Seattle mourns loss of 'Uncle' Bob Santos

Bob Santos. KOMO file photo

SEATTLE -- Bob Santos, a civil rights activist dubbed the unofficial mayor of the Chinatown-International District, has died. He was 82.

Santos died Saturday. He had been hospitalized in recent weeks, according to The Seattle Times.

He was credited with helping to preserve the International District and for working tirelessly for civil rights as part of the Gang of Four or the Four Amigos.

They were Santos, King County Councilman Larry Gossett, Latino activist Robert Maestas and Native-American activist Bernie Whitebear.

"Gossett, Santos, Whitebear, and Maestas formed Making Our Votes Count (MOVE), concluding that change would have to come through the ballot box. They became known as the Gang of Four, occasionally the Four Amigos, and if MOVE didn't last long, they did," says. "By the mid-1970s, the Gang of Four morphed into the Minority Executive Directors Coalition (MEDC) of King County, an umbrella group representing ethnic-minority communities. By the end of 2000, there were some 120 community-based organizations in MEDC."

King County Executive Dow Constantine called Santos "a passionate believer in the power of bringing people together to fight for fairness and opportunity. He was a man defined by both his work and his friendships ... . Seattle would look much different if not for Bob.

"Ever a serious force for social change, Bob was equally serious fun to be around. I regret that I will never be able to make good on my solemn promise to join Uncle Bob in a karaoke duet at the venerable Bush Garden on Maynard Avenue.”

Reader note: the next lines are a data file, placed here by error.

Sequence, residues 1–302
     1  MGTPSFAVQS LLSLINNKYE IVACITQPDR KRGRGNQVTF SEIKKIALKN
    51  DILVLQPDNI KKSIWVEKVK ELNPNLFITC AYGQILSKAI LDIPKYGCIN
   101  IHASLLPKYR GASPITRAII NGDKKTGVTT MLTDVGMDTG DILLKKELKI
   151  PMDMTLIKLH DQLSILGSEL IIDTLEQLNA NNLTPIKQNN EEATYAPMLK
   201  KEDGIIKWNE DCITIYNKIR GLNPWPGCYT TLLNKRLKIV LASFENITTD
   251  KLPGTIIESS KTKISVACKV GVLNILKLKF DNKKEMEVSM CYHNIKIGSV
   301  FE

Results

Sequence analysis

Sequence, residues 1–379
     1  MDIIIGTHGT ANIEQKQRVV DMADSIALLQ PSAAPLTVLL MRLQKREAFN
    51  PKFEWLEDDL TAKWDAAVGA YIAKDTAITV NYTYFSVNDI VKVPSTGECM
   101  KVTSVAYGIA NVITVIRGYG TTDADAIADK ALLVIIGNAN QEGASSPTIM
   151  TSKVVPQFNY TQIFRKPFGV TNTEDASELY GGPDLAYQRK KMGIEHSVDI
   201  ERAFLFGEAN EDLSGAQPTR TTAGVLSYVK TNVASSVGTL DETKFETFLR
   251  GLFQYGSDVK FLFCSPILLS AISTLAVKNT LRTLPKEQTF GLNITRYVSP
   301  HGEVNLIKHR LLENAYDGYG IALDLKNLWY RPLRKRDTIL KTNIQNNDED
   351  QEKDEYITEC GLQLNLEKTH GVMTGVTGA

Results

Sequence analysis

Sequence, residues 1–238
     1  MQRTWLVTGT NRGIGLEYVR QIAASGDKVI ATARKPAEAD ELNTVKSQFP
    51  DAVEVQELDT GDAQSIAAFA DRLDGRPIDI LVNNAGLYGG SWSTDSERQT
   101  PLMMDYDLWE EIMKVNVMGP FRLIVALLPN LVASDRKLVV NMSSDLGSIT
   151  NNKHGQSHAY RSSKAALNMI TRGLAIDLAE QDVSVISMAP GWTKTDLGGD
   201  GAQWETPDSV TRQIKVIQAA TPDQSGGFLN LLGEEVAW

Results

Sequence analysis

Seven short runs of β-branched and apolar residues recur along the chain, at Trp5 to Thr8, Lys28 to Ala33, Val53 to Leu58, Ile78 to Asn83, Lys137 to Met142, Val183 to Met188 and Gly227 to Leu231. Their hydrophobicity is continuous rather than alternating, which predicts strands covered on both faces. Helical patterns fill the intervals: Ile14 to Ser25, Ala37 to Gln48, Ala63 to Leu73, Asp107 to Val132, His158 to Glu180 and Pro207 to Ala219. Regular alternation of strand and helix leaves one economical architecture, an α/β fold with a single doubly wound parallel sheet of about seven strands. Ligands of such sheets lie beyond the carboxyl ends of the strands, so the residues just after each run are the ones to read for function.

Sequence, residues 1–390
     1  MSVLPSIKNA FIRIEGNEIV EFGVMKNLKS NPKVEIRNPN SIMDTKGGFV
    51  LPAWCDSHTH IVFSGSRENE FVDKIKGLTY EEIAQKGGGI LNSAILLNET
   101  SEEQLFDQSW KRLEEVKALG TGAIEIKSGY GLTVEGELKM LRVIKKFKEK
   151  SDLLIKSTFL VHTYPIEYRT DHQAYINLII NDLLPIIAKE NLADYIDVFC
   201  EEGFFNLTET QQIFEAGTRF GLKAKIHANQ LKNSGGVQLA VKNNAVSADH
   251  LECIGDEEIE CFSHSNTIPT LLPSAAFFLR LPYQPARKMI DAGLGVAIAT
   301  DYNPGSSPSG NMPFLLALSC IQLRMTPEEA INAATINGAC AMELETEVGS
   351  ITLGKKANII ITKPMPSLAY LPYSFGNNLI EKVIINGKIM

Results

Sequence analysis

Added Seattle Mayor Ed Murray:

"Michael and I were heartbroken to hear of today's passing of "Uncle" Bob Santos, one of our city's great community leaders. Bob Santos touched countless lives across every race, ethnicity, gender, gender identity and age in Seattle. He was everyone's "uncle" because of his universal and unwavering friendship, and he was a hero to many marginalized Seattlites who he tirelessly advocated for. I have been fortunate to have worked with him on many of these issues for over two decades.

"Seattle mourns the loss of one or greatest civic leaders tonight, and our city is much greater because of his life. Our thoughts are with his wife, Sharon Tomiko Santos, and his entire family."

Sharon Tomiko Santos is a member of the state House of Representatives.

University of Washington President Ana Mari Cauce issued this statement:

"I had the opportunity to first get to know Bob Santos – known as 'Uncle Bob' to so many he advocated for – when I chaired the UW’s Department of American Ethnic Studies. It was a tough time for the department, and our first meeting was marked by mutual skepticism. But it ended with mutual respect. Integrity and valor are the two words that first come to mind when I think of him. Through Bob’s leadership, advocacy and mentorship, the cause of civil rights and social justice has been advanced, and the lives of countless members of our community, especially Asian Pacific Islanders, have been improved.

"We’ve truly lost a giant."

Gov. Jay Inslee issued this statement:

“Washington is a better state because of Bob Santos’ passion for justice.

“Bob was a forward thinker. His early days as an activist with the ‘Gang of Four’ helped bring communities of color together in one unified voice to fight for equal rights.

“He served as the unofficial mayor of the Chinatown International District in Seattle, advocating for social justice that helped pave the way for future generations of API leaders. Washington's strong API community is a testament to his leadership and commitment to mentoring.

“Trudi and I send our thoughts and prayers to his wife, Rep. Sharon Tomiko Santos, his family, and his friends. His passing is truly a loss but his legacy will live on.”

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